Federal Circuit Affirms Solo Cup False Marking Decision
In a widely-followed appeal of an Eastern District of Virginia case which we previously blogged about here, the Federal Circuit held today that Solo Cup did not have the “intent to deceive the public” required for false marking liability. in Pequignot v. Solo Cup Co., No. 2009-1547 (Fed. Cir. June 10, 2010) (found here). The decision affirmed Judge Brinkema’s ruling granting summary judgment in favor of Solo Cup, Pequignot v. Solo Cup Co., 646 F.Supp. 2d 790 (E.D. Va. 2009). Under the Federal Circuit’s decision, even if a patentee knowingly marks a product with an expired patent, it can avoid liability by showing by a preponderance of the evidence that it did not intend to deceive the public.
In short, Solo Cup marked certain plastic cold drink lids by stamping the lids with two patent numbers during the production process. After one of the patents expired, Solo sought advice of counsel about whether it needed to replace all of its stamping molds to remove the patent number. Based on the advice it received and the cost of replacing all of its molds, Solo developed a policy to wait to remove the expired patents when it replaced the molds. Solo’s outside counsel also advised Solo to include on its packaging the phrase “the product may be covered by one or more U.S. or foreign pending or issued patents. For details contact www.solocup.com.” Based on that advice, Solo placed the “may be covered” language on its packaging, even though it knew that some of the packaging was not patented.
Judge Brinkema granted summary judgment to Solo, finding that Solo had no intent to deceive the public. Solo’s knowledge of the falsity of the patent marking, she held, raised a rebuttable presumption of intent to deceive. Solo successfully rebutted that presumption, however, based on its good faith reliance on advice of counsel and its desire to reduce costs and avoid business disruption. Judge Brinkema likewise found that Solo had rebutted the presumption with respect to the “may be covered” language based on the advice of counsel and for logistical and financial reasons.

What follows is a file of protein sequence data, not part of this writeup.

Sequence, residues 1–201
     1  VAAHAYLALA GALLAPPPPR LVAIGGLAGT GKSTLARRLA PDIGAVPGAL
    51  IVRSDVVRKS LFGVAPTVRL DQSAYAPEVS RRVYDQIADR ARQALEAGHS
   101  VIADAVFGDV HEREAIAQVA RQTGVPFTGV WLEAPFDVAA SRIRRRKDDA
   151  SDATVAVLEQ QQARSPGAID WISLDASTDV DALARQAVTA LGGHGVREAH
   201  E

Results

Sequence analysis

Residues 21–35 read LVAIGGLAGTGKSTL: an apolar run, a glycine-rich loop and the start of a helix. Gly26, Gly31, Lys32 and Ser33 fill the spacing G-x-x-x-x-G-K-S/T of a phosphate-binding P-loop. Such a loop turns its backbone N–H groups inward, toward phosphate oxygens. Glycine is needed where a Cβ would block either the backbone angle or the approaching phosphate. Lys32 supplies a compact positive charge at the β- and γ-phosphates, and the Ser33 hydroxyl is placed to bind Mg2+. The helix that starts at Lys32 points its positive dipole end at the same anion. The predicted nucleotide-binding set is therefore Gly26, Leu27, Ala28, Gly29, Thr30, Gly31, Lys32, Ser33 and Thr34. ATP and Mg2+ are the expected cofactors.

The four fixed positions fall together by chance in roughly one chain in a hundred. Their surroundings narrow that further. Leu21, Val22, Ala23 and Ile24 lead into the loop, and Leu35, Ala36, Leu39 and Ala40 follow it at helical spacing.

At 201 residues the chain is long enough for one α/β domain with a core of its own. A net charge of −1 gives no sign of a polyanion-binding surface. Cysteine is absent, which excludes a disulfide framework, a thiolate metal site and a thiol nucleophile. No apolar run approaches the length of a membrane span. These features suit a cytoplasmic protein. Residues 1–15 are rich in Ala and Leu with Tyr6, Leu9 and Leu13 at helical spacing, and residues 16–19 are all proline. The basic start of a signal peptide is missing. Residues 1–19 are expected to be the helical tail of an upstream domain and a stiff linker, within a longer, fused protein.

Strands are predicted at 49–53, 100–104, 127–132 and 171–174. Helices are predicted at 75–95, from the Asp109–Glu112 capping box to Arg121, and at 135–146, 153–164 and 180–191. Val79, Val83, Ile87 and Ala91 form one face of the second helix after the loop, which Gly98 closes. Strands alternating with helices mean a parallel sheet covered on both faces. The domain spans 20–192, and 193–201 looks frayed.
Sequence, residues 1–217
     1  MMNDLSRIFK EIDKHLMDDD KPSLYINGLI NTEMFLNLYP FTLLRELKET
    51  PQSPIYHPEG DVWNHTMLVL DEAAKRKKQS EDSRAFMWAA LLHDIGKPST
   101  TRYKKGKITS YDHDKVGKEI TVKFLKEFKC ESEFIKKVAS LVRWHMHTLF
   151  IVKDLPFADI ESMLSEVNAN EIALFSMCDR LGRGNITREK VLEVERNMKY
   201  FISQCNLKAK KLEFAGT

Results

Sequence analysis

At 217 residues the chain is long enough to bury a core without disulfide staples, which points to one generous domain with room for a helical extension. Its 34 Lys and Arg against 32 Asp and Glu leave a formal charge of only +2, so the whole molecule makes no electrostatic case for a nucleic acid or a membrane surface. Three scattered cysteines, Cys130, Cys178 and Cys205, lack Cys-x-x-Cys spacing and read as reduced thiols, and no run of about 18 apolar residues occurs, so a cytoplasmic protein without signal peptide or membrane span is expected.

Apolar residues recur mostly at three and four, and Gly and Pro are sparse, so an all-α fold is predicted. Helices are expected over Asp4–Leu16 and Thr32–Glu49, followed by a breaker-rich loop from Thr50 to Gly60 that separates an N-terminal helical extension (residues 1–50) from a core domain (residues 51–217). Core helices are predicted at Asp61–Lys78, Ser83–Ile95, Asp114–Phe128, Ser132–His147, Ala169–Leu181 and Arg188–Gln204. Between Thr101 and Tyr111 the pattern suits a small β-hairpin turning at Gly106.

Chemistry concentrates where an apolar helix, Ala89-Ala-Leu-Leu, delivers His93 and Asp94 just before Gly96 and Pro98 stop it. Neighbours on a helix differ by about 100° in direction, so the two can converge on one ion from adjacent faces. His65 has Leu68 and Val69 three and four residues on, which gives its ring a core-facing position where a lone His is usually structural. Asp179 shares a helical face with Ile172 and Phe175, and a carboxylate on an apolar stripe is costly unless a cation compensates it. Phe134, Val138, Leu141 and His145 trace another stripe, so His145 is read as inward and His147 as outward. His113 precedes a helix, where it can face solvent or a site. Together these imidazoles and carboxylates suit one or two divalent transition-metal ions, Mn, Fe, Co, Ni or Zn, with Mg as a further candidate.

The Federal Circuit affirmed the finding of lack of intent to deceive.
- Agreeing with Judge Brinkema, the court held that under Clontech Labs., Inc. v. Invitrogen, 406 F.3d 1347 (Fed. Cir. 2005) the combination of a false statement and knowledge that the statement was false created a rebuttable presumption of intent to deceive, not irrebuttable proof of such intent.
- Solo’s burden of proof was to show by a preponderance of the evidence that it did not have the requisite intent to deceive.
- Where the false markings at issue are expired patents that had previously covered the marked products, the presumption is weaker.
- A good faith belief that an action is appropriate, especially when it is taken for a purpose other than deceiving the public, can negate the presumption.
Solo’s unrebutted evidence that it relied on the advice of counsel, its evidence that its true intent was to reduce costs and business disruption and its good faith step of implementing and following a policy to remove the patent numbers when molds were replaced were sufficient to rebut the presumption of deceptive intent.
As to the “may be covered” language, the Court held that “it is highly questionable” whether such a statement could be made for the purpose of deceiving the public. Regardless, the court affirmed Judge Brinkema’s decision that Solo’s evidence successfully rebutted the presumption.
The Federal Circuit did not agree with Solo on everything, however. It rejected Solo’s claim that the statute did not apply where products were previously covered by a patent. It also refused to reach Judge Brinkema’s alternative holding that even if Solo had an intent to deceive, it could have committed no more than three “offenses” within the meaning of the statute.